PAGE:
Geographical Juxtapositions of Christian and Essene Settlements
If, as I claim, geographical factors underline the contention that Jesus and John the Baptist emanated from Qumran, the traditional view that Jesus was a Galilean and came from Nazareth in Galilee seems to go against this possibility.
In fact even more telling, in some ways, than the geographical coincidentally of early Christian establishments with Essene settlements, is the lack of Christian establishments in Galilee--the one region where one would expect a glut. Historians, such as Joan Taylor or H. Kasting, minimize the possibility of the Judaea Wilderness as a stomping ground for Jesus, ostensibly to distance him from Qumran, and place his ministry as having taken place predominantly in Galilee. Yet if this were the case and his origins were in the Galilee, the direct information on the existence of early Christianity or any churches in Galilee is virtually non-existent. Even the gospels, as Professor Sean Freyn of the University College of Dublin notes in his monumental study on the province of Galilee, are surprisingly silent on the mention of Galilee. Luke and Acts have evangelists going to Samaria, Gaza, Lydda, Joppa, Caesarea, and Judaea--anywhere but Galilee.
The obvious question remains: Why are so many places named in Galilee in the New Testament and why do both Matthew and Mark assert that Jesus commenced his ministry in the Galilee? There is no clear answer. It must be assumed that Jesus (and the twelve apostles and seventy evangelists) did indeed spend periods preaching in the Galilee, in addition to Judaea and the area around Qumran, as there was a greater population there. Perhaps Jesus concentrated on that area, initially, because John the Baptist was already more active in Judaea.
Nevertheless the readings of the first two gospels are ambiguous on the point, while Luke is fairly clear in his positioning of Judaea as being more significant to Jesus. When it comes to the Gospel of St John, Galilee is certainly of importance to Jesus, but John reiterates no less than five times that Jesus came from Judaea into Galilee when he was received at Cana. The New Testament readings are, in fact, entirely consistent, and more indicative, with Jesus “coming out” of Judaea having spent his early life of study there, and “coming into” Galilee at a later date.
It is now possible to review the geographical juxtapositions of Christian and Essene settlements in relation to Qumran, Christianity, and the key persons of the New Testament, and to establish a base position that is consistent with what many respected scholars assert:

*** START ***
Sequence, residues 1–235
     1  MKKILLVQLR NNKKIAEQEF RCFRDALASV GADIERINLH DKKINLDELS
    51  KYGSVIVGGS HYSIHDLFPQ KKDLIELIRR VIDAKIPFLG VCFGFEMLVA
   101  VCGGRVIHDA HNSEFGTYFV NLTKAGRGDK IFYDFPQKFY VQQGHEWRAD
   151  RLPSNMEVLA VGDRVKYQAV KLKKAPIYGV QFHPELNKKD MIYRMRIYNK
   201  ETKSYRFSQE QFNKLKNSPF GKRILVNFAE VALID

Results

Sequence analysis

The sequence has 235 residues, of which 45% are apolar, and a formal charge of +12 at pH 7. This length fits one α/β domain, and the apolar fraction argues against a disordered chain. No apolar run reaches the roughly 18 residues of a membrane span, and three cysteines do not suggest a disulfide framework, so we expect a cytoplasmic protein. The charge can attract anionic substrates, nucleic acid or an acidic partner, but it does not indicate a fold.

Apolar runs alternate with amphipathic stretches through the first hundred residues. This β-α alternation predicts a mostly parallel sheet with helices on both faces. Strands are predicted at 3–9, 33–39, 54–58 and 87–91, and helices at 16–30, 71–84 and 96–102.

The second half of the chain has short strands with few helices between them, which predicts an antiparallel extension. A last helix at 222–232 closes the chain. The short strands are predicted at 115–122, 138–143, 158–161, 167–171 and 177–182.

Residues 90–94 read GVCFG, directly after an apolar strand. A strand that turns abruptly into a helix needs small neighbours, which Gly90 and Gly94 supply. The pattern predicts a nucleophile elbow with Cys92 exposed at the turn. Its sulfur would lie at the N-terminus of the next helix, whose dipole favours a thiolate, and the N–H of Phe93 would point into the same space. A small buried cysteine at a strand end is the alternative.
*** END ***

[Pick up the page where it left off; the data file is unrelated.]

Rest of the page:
• John the Baptist was at some stage in his life a member of the Qumran-Essene Community
• Jesus had a close association with John the Baptist and may have had some association with the Community and certainly would have had knowledge of it
• Early Christianity was rooted firmly in Judaism
• Early Christianity and the early New Testament had many exclusive features of commonality with the teachings, beliefs, and practices of the Qumran Community
• The texts of the Dead Sea Scrolls may prefigure someone identifiable with Jesus, but they do not mention Jesus per se--although there are similarities in the messianic expectations of the Community and the role fulfilled by Jesus, they did not conceive of a messiah, in the Christian sense, who was the divine Son of God, born of a virgin, or spiritual resurrection before the End of Time. In the light of emerging scholarship from Dead Sea Scrolls, this base position can, I believe, be moved to a much firmer understanding, and the balance of probability is strongly indicative that:
• John the Baptist was a member of the Qumran Community and kept in close contact with the Community in his role as a mobile Essene
• Jesus was almost certainly a member of the Qumran-Essene Community at some period of his life, commencing his ministry after his graduation at the age of 30
• The earliest Christian communities were closely associated, in a spiritual and geographical sense, with the existing locations of Essene communities.
• The New Testament authors drew heavily on the Dead Sea Scroll texts, beliefs, practices, and community structure of the Qumran-Essenes
Conservative and fundamentalist Christian theologians have traditionally viewed many of the Dead Sea Scrolls as an enemy, fearing they could compromise the originality of Jesus and the New Testament story. Perhaps the scrolls should be looked at in an entirely different way. In fact they could be the truest friend of Christianity. Apart from the New Testament and Josephus, there are no near-contemporary witnesses to the life of Jesus, John the Baptist, and his disciples. Even the earliest of the New Testament books were allegedly written at least 40 years after the deaths of Jesus and John the Baptist, and the earliest authenticated versions we have of these testimonies are dated to at least 200 years after the events.
The Dead Sea Scrolls that anticipate some of the information in the New Testament, the teachings of Jesus and the life of John the Baptist, are the only original contemporary writings we have covering the period of their lives and they are written in their own ethnic language. They are the greatest supporters of the validity of the New Testament, and even if 90 percent of the New Testament could be shown to have been derived from Dead Sea Scroll sources the core values of Christianity would not be affected. On the contrary, the existence of Jesus and John the Baptist would, for the first time, be buttressed by verifiable fact.